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How to Handle Customer Complaints Carefully: 6 Brands that Learned It the Hard Way

Mathew Maniyamkott

20 November 2023

9 min read

Let’s face it. Handling customer complaints can be daunting.

Some companies are considered the best in servicing their customers, and there are businesses whose customers profess how much they hate being their customers. This is a typical phenomenon you see in the comments section of the social media handles of the much-hated companies. Some companies go to any lengths to satisfy their customers, while others are guilty of serious inaction. Brands like Ritz Carlton, Hilton, Amazon, and Zappos are some of the names that tower above their peers when servicing their customers.

Handling Customer Complaints: 6 Effective Strategies for Businesses

Here is a 6-step process on how to handle customer complaints:

The old axiom that says “the customer is always right” might not always hold, but that doesn’t mean your customers will be alright with getting treated wrongly. There are a lot of mistakes you should avoid in customer experience and things that you can do when handling customer complaints.

Handling Customer Complaint

Handling customer complaint #1 Always Empathize

Listen to your customers’ concerns with as much attention and empathy as you would listen to your child who has an important question to ask you. Replying to them with respect and attention creates a bond between you and the customer, and it tells them that you will do anything in your position to solve the problem of the customer.

Handling customer complaint#2 Apologize Immediately

Sure, not every problem can be solved with an outright apology. But there are many instances where an immediate apology (even if the fault is on the brand’s side) can reduce the tension that is caused.

Handling customer complaint#3 Offer Solutions

Always focus on how you can solve the problem of the customer, as this will help cut down your customer churn rate. If you can do anything to immediately alleviate the problems faced by the customer, then you would have done a great service to your brand as immediately addressing the problems of the customer lessens the rage they may possess if the mistake was on your side. Customer feedback tools come in handy at times such as these.

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Handling Customer Complaint

Handling Customer Complaint #4 Get the Facts Right

After you listen to the voice of the customer, take the initiative to understand the facts. You can employ online survey tools to run a survey that’ll help to gauge the level of damage that has been done. Do not give scripted replies to your customer’s questions, as it will irk them more. Use it as an opportunity to build a genuine conversation and ensure that the customer trusts you after the end of this transaction.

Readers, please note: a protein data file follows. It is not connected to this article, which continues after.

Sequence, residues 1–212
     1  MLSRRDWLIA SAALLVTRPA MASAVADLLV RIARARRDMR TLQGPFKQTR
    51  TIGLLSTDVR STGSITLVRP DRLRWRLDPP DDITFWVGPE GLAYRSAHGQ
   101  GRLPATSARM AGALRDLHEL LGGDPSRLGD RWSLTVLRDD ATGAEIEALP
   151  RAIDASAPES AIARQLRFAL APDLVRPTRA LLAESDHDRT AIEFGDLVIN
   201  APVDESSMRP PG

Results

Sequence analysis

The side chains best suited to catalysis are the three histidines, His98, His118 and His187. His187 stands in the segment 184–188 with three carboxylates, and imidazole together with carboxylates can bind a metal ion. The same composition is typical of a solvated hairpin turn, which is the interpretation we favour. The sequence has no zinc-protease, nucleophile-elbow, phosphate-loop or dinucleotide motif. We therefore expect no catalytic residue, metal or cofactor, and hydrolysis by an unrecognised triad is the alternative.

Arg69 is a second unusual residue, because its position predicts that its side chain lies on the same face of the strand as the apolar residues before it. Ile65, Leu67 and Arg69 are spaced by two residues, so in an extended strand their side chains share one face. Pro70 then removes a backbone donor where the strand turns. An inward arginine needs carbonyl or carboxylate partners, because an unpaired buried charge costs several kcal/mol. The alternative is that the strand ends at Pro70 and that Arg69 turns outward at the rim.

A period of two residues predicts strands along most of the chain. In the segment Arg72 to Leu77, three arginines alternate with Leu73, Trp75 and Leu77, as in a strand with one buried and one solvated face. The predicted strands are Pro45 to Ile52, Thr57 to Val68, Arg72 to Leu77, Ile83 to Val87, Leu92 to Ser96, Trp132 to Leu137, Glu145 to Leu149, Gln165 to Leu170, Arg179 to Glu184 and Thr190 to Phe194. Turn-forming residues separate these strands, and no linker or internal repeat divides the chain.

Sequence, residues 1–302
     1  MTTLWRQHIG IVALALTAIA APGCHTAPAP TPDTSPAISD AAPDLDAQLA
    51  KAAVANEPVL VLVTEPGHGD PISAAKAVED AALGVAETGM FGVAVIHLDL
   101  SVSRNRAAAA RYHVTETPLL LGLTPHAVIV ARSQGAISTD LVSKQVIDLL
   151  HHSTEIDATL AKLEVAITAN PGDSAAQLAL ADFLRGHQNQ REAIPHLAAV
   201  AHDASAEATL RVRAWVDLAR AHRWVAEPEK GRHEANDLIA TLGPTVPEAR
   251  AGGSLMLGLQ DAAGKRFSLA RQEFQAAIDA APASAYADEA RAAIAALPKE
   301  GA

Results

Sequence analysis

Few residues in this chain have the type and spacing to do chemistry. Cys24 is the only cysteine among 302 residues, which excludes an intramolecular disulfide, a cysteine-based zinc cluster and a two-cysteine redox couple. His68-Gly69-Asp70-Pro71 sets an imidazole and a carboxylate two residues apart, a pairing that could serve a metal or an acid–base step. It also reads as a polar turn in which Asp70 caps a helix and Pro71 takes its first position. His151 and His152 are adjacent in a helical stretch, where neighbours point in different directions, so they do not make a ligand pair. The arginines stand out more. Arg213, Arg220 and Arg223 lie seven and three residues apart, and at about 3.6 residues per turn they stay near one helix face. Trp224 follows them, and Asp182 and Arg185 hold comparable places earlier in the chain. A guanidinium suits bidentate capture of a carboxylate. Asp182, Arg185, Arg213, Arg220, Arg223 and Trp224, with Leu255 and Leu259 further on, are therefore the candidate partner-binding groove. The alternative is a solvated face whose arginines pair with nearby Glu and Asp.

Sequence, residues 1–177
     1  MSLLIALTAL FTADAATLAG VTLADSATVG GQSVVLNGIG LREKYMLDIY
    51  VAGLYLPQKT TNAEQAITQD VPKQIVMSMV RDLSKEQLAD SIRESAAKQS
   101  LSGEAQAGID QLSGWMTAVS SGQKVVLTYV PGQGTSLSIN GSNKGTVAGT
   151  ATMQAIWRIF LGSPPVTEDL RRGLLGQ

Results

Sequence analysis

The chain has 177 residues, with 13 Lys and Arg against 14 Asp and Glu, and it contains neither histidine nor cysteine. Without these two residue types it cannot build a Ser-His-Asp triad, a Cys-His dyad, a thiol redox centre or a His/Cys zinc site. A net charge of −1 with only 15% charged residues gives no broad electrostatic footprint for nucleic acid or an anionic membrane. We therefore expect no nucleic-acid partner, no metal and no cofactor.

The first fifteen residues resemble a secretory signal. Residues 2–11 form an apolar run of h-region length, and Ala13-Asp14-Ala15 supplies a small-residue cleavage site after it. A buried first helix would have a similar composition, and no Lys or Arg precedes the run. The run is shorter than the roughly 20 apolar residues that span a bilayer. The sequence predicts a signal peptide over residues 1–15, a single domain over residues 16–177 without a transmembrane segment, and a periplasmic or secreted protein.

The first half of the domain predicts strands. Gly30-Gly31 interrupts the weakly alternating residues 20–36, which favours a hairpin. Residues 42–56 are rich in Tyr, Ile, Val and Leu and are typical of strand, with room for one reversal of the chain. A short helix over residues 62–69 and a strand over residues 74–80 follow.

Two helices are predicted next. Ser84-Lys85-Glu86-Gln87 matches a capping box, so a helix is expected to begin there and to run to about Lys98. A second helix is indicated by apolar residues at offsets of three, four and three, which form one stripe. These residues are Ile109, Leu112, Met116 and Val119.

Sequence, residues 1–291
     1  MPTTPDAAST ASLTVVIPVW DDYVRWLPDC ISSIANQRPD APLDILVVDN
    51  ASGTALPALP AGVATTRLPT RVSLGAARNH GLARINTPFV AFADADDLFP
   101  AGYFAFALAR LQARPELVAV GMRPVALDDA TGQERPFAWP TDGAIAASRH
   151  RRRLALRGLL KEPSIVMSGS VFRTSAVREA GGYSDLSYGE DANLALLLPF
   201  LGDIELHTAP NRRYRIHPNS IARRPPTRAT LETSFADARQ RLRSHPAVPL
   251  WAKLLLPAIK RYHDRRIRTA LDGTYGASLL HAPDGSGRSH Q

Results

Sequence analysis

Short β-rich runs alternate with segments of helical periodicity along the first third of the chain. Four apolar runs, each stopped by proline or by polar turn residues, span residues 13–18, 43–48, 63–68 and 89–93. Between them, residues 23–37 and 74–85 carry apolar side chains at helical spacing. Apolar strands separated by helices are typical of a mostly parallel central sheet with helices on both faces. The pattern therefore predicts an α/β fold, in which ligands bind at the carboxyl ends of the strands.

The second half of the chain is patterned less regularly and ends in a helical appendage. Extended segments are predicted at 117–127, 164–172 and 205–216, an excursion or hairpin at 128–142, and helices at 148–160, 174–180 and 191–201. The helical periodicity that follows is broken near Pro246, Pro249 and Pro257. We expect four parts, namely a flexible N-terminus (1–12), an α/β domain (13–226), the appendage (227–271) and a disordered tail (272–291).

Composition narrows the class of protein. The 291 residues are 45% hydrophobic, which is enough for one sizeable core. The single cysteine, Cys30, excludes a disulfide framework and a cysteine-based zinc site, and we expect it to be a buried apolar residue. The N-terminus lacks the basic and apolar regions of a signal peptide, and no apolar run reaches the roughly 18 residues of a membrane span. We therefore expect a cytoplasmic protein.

Handling Customer Complaint #5 Keep Your Calm

Remember, when a customer is agitated and demands an answer from you, it is never personal; they are unhappy with the company’s products, and you are the brand’s ambassador. Any action by you against the company’s policies can make your employer look bad, and it could balloon into a case of bad PR, too. Be professional in your approach, and don’t get defensive.

Handling Customer Complaint#6 Don’t Make the Customer Go Around

Most customer service agents are notorious for sending the customer from one staff to another or from one email thread to another and are notorious for keeping the customer on hold for a long time, too. There is nothing more disrespectful than this. A complaint should be handled by only one customer service agent, and you should always ensure that a customer doesn’t get passed around like a commodity.

Top Five Brands That Paid a High Price for Mishandling Customer Experience

1. Uber

One of the world’s fastest-growing startups, Uber is a life-saver for millions around the world that helps us hail a cab from the convenience of our mobile phones. But a spate of strategically flawed moves and bad handling of PR has made it look like a villain. An ex-Uber employee published an essay about the culture of sexism and harassment at Uber- this is where the issues began to happen to the company if you look at it in chronological order. A highly viral video of Uber’s then-CEO berating an Uber driver sparked a row. There were a lot of sexual harassment cases filed by customers from different parts of the world too, which added to the hatred, and the subsequent mismanagement of all of this meant that Travis Kalanick had to resign unceremoniously.

Handling Customer Complaint

How did Uber handle all of this, including customer complaints?